Since he left the professional wrestling business, Dwayne Johnson (better known as 'The Rock' to fans and friends alike) has alternated his roles between full-blown action star and the guy who carries the action in family films, thrust into the role of almost reluctant parent who eventually grows into the role while kicking the requisite ass the role may need. Continuing in the theme of roles like The Tooth Fairy, Johnson stars in Journey 2: The Mysterious Island, replacing Brendan Fraser in a sequel to 2008's Journey to the Center of the Earth.
The film was written by Brian and Mark Gunn and directed by Brad Peyton (Cats & Dogs: The Revenge of Kitty Galore). Johnson plays Hank, a former Navy sailor who is husband to Liz (Kristin Davis, Sex and the City), but also is a stepfather to Sean (Josh Hutcherson, The Kids Are All Right). Sean is a rebellious tot and bumps heads with Hank from time to time, but when the opportunity to search for the 'Mysterious Island' as touched on in the Jules Verne books, Hank finds a bonding opportunity with his stepson. With the help of a helicopter pilot in Gabani (Luis Guzman, Arthur) and Gabani's daughter Kailani (Vanessa Hudgens, Sucker Punch), Hank and Sean embark to not only find the island, but hopefully Sean's grandfather in the process.
The story gets away with the fluff early on in the film and at barely 90 minutes in length gets Hank, Sean, Gabani and Kailani to the island as quickly as possible, within the first 15 minutes, so then they can battle a wide variety of large computer-generated insects, birds and threatening animals that would make Jonny Qwest stand up and cheer. The obstacles to Sean's journey are teeth gritting yet oddly innocuous, as Sean's grandfather does make his appearance (and is played by Michael Caine surprisingly). Caine's character stands up for his grandson and he also has his own bumping of heads with Hank in terms of Hank's general intelligence, but as the film goes on and Hank bonds more with Sean, he does the same with pop pop.
Johnson's performance in the film brings many of the same things that it had in the past, with a mix of physicality and humor with a light dusting of emotion tossed in. The comic foil for the film proves to be Guzman, whose performance is a testament to his versatility. He pulls it off nicely, though it is a role I would hope he does not do in the future. A more physical comic actor is the go to for something like this. Hutcherson has been doing roles like this for a few years now, and while Hudgens' casting is a bit of a surprise, the two play off each other about as well as one could expect.
The heart of the story appears to be Johnson trying to form a familial bond with Hutcherson and taken for face value, it goes okay. With a film such as Journey 2, the storytellers are hardly considering making any tweaks to the formula, they are making sure they get their fair share of thrills and laughs. Taking the film for what it is, which is a pleasant diversion for the family, Hutcherson, Johnson and the other prominent members of the cast do not make any bothersome missteps, which for a film like this is not hard to do to begin with maybe?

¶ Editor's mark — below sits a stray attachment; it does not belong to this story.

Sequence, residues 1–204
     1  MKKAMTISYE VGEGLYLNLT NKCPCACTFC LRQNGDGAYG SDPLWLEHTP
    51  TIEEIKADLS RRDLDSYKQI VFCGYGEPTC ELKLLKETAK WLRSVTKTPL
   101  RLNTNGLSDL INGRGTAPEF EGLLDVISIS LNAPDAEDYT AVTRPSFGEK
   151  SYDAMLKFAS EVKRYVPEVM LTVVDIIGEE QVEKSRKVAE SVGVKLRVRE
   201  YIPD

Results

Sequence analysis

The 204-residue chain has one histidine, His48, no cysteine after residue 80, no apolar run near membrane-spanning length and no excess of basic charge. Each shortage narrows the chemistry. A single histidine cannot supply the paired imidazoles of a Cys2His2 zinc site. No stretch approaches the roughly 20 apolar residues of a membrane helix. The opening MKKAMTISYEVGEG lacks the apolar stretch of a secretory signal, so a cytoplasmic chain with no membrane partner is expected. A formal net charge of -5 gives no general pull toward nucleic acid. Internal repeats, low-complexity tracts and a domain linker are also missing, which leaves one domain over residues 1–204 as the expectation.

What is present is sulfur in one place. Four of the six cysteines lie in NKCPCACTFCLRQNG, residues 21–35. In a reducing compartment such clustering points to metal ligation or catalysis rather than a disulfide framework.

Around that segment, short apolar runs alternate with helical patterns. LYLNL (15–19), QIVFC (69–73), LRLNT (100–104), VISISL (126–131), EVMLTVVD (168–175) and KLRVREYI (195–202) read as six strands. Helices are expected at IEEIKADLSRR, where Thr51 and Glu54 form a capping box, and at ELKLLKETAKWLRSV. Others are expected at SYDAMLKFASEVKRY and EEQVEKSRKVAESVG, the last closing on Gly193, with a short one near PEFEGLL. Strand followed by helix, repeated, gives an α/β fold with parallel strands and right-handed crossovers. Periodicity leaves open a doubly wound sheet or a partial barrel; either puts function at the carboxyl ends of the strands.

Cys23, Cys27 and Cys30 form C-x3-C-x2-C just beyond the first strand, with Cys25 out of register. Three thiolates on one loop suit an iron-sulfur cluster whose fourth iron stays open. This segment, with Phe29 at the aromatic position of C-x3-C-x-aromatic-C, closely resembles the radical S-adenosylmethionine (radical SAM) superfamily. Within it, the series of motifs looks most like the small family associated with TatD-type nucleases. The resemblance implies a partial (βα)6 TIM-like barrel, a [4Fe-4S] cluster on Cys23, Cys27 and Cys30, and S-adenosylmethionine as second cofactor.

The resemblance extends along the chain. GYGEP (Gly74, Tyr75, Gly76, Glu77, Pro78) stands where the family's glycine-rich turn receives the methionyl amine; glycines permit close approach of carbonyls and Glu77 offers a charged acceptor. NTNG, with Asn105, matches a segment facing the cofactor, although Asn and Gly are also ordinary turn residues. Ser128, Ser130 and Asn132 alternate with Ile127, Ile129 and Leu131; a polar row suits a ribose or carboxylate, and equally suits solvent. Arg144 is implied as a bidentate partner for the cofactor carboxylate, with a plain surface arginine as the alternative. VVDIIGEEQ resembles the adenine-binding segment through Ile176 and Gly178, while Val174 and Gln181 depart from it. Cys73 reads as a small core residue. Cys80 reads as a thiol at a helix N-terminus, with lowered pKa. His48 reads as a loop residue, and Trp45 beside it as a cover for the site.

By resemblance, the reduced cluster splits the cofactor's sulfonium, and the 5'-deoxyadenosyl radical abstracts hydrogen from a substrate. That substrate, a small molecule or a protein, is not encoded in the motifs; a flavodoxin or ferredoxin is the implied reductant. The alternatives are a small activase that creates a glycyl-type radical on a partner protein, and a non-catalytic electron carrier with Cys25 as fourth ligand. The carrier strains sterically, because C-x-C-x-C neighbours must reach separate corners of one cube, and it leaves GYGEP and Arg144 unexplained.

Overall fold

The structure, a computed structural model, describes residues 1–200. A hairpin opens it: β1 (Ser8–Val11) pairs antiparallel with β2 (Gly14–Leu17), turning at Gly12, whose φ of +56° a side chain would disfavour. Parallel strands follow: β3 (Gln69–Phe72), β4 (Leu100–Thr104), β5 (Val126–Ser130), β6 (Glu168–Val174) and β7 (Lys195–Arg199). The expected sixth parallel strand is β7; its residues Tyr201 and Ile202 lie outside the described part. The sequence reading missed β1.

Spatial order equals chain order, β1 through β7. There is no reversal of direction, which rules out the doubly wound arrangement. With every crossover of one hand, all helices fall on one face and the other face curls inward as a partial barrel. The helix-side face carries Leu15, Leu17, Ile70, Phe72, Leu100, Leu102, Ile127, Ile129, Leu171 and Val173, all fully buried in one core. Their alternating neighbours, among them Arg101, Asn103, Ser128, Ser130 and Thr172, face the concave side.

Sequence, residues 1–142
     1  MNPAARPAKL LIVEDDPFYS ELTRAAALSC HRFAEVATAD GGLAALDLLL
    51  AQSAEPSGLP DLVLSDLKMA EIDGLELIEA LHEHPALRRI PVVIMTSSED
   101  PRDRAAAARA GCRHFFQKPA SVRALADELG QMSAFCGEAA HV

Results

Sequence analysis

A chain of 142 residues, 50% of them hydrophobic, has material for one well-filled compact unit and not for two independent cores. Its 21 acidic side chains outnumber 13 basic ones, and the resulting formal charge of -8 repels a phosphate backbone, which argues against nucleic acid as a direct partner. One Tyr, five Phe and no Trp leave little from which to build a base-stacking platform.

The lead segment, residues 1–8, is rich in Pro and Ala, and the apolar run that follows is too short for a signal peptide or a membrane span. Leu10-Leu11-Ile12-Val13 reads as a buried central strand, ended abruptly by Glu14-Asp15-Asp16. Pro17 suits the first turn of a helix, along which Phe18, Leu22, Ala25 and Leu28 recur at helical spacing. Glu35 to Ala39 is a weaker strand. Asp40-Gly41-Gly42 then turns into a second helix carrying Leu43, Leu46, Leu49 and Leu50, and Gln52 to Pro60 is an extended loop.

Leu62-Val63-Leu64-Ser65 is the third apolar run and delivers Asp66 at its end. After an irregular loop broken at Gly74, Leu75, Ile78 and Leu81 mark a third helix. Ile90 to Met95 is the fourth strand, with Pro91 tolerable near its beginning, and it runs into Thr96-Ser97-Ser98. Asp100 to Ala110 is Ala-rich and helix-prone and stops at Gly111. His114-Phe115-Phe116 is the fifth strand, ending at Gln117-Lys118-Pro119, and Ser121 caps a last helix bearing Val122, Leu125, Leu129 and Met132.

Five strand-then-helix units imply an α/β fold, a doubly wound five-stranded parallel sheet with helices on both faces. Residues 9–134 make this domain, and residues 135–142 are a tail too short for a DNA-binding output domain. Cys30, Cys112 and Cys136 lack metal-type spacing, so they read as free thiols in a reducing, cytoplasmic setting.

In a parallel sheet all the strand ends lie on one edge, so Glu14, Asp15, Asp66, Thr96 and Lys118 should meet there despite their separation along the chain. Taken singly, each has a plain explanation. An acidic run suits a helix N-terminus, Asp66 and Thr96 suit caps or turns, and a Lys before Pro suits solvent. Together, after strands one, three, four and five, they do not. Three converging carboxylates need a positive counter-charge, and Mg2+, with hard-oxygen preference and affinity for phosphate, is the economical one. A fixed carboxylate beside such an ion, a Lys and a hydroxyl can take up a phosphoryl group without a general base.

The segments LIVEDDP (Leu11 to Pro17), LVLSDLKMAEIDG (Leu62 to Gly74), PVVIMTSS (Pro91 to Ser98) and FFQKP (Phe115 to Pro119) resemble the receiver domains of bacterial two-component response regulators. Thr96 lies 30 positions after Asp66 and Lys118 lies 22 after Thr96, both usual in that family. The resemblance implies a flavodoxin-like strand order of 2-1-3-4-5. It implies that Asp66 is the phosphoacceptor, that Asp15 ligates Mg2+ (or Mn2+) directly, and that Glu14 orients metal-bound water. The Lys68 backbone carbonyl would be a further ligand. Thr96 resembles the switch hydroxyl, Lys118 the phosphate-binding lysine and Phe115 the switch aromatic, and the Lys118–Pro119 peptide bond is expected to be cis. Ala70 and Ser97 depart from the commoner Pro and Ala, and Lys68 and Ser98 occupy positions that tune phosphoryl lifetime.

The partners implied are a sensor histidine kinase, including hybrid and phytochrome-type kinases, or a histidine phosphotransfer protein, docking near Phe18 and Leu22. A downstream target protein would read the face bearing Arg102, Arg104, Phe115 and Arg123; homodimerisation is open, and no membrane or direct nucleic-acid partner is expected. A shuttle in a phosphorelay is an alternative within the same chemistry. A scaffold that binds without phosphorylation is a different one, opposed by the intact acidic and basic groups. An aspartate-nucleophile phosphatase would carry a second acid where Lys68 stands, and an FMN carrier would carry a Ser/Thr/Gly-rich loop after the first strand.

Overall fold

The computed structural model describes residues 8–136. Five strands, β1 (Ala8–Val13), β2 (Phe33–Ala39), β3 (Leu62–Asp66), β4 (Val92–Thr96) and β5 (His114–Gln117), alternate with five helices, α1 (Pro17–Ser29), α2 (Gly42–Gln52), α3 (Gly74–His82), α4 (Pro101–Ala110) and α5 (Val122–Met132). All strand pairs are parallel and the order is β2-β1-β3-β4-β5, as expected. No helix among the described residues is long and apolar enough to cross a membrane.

I think we are, however, getting to the point where we should discuss what it is exactly that Johnson is bringing to family films like this. Is he good in Journey 2? Sure, but he is doing anything that can be considered different compared to similar types of films he's starred in for the last half decade? I don't think so, and perhaps that is something Johnson should consider to keep this thing he's got going for himself.
The Blu-ray Disc:
Presented in 1.85:1 widescreen and in high definition using the AVC codec, Journey 2 looks solid. Image detail in the foreground tends to lack in moments, things like facial pores aren't readily visible but fine hairs on a large bee are more so, but otherwise the flesh tones appear accurate and the greens of the jungle look vibrant without bleeding into other parts of the image. You can even spot the computer effect and green screen seams when viewing the film also. There are also some scenes that were shot in 3D and whose presence you'll spot immediately as well I think. I was expecting a little more visually from the feature, but a solid presentation nonetheless.
More improved and pleasing is the DTS-HD Master Audio lossless 5.1 surround track, which is all encompassing and immersive. A lot of action permeates and drifts in and out of the soundstage, and it starts early on from the initial trip to find the island. Rain, wind, thunder and lightning are aplenty and sound clear, with channel panning and directional effects present over the course of the feature. In quieter sequences the dialogue sounds consistent and without any chirping or mosquito noise. The overall product is definitely better than I was expecting.
The New Line/Warner video folk have seemed to lean a little towards the 'fast and easy' approach when it comes to supplements, and this is no different. "Are You Strong Enough to Survive Mysterious Island?" is an interactive look at the island in the film. A gag reel (1:16) of flubs is next, and five deleted scenes (5:53) include more of the Rock, but offer little else. The pack also comes with a standard definition copy of the film (where the picas come from) and an Ultraviolet digital copy of the film available for download and/or streaming..
There are smaller things in Journey 2 that could spawn some possibly intriguing discussion, but on the surface, it is a quick, harmless, entertaining little romp much in the spirit of its predecessor, and the names involved all have fun, but not too much so. Technically the disc looks decent, but its lossless track is superb, while it tends to lag a bit on the extras. If you have kids it is definitely worth the time (perhaps as much if you do not have kids), but I would not buy it unless you are hard up for a kid's birthday gift or something.